Johann Sebastian Bach (1685-1750)
Widerstehe doch der Sünde, BWV 54
Bernadette Johns mezzo-soprano
Johann Sebastian Bach
Brandenburg Concerto No 5 in D, BWV 1050
Laurence Cummings harpsichord
Eriko Oi flute
Performed on historical instruments.
All performers at this event are conforming to our safety requirements of being at least two metres apart.
Not all is as it seems in Bach’s cantata Widerstehe doch der Sünde, BWV 54, either. Appearances are deceiving – in the words of librettist Georg Christian Lehms, ‘if one looks more closely, we see it is but an empty shadow’. Bach launches us in media res into dissonance: a dominant seventh chord. Moreover, this chord is presented against a tonic pedal in the basso continuo. In this strange turn of events, it is difficult to determine what exactly is the dissonance: is it the upper strings that form a traditionally dissonant seventh chord, or is it the cello and double bass for not conforming to this harmony? In other words, the text, which urges the Christian to ‘stand firm against all sinning’ is enacted by the harmonic material. Appoggiaturas, large gestural leaps and chains of suspensions all function to muddy consonance.
This discomfort is not only manifest on the musical page as vertical structures that create harmonic tension. The string texture precariously wriggles horizontally too. It is as if fear has entered the string players themselves: the writing for violas almost entirely consists of repeated quaver patterns – a tremolando figure or ‘bow vibrato’ – and just as the text describes a ‘poison [that] will possess you’, the viola players are infected by this rhythm. How Bach’s instrumentalists were to ‘stand firm’ with their bows trembling across the gut is exactly the point – we are given an insight into a Lutheran understanding of sin through the playing out of Bach’s music in real time.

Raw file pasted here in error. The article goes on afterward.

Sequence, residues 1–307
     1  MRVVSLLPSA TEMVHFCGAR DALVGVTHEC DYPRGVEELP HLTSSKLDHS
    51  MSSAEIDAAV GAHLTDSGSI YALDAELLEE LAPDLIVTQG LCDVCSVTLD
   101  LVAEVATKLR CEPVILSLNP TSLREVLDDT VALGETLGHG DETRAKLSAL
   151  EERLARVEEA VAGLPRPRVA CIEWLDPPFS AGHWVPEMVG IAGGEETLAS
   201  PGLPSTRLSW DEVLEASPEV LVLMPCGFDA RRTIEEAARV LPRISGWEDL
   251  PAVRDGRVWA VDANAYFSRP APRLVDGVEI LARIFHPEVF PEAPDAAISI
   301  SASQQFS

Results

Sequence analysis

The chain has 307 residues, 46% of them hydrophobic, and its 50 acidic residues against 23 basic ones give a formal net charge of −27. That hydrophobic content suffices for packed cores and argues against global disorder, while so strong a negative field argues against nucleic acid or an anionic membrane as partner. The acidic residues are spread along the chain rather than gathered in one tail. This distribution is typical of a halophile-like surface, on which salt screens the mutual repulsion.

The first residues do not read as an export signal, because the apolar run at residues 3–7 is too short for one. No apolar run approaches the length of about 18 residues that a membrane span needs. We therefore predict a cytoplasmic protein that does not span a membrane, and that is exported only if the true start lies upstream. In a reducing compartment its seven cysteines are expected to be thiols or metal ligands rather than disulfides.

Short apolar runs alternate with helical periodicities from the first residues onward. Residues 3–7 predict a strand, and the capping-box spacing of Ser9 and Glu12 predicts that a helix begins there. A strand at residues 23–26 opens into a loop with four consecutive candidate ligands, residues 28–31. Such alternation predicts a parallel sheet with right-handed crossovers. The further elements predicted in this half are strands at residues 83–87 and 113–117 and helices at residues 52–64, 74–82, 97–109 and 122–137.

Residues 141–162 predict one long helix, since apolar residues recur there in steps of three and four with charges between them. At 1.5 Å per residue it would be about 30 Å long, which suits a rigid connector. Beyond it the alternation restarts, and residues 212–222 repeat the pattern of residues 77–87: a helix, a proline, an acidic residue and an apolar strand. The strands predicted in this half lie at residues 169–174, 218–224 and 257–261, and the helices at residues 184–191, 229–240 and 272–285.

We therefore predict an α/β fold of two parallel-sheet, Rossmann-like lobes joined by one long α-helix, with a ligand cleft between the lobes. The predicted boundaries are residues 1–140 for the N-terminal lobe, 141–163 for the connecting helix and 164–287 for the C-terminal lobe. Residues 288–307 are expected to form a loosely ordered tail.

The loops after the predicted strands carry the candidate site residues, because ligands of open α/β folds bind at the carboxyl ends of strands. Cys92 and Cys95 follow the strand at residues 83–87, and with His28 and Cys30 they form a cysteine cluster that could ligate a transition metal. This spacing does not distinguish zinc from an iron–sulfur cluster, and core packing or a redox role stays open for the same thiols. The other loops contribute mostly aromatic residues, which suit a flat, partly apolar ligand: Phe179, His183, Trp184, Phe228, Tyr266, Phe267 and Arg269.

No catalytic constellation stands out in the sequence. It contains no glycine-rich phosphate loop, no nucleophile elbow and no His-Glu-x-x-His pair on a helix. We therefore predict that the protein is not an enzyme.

Cantata 54 was the first Bach composed for solo voice and is thought to have been premiered on 4 March 1714. Even as his first exercise in the genre, Bach’s exploration of the human condition through music is masterful. The singer and the instrumentalists, particularly in the central section of the first movement, inflect each other in most delightful detail. Both phrases of the alto melody are punctuated by an interrupted cadence – or perhaps the American term ‘deceptive cadence’ is more telling in this instance. The strings interrupt the singer, as if to remind them to stay alert to duplicity. The final movement – a lively fugue wrought in playful counterpoint – again, is not quite what it seems. At the text ‘Denn dieser hat sie aufgebracht’, the seemingly unthematic continuo part of the opening is sung by the alto soloist – as the devil is described to invent sin, Bach deceives us with contrapuntal invention. The message of Lehms’s text is embedded deep beneath the foreground details of the music at a structural level. It is as if from the very first chord to the final fugal statements, Bach constructs this cantata with the notion of trickery at its core – even if this means deceiving us, his ever-loyal listeners.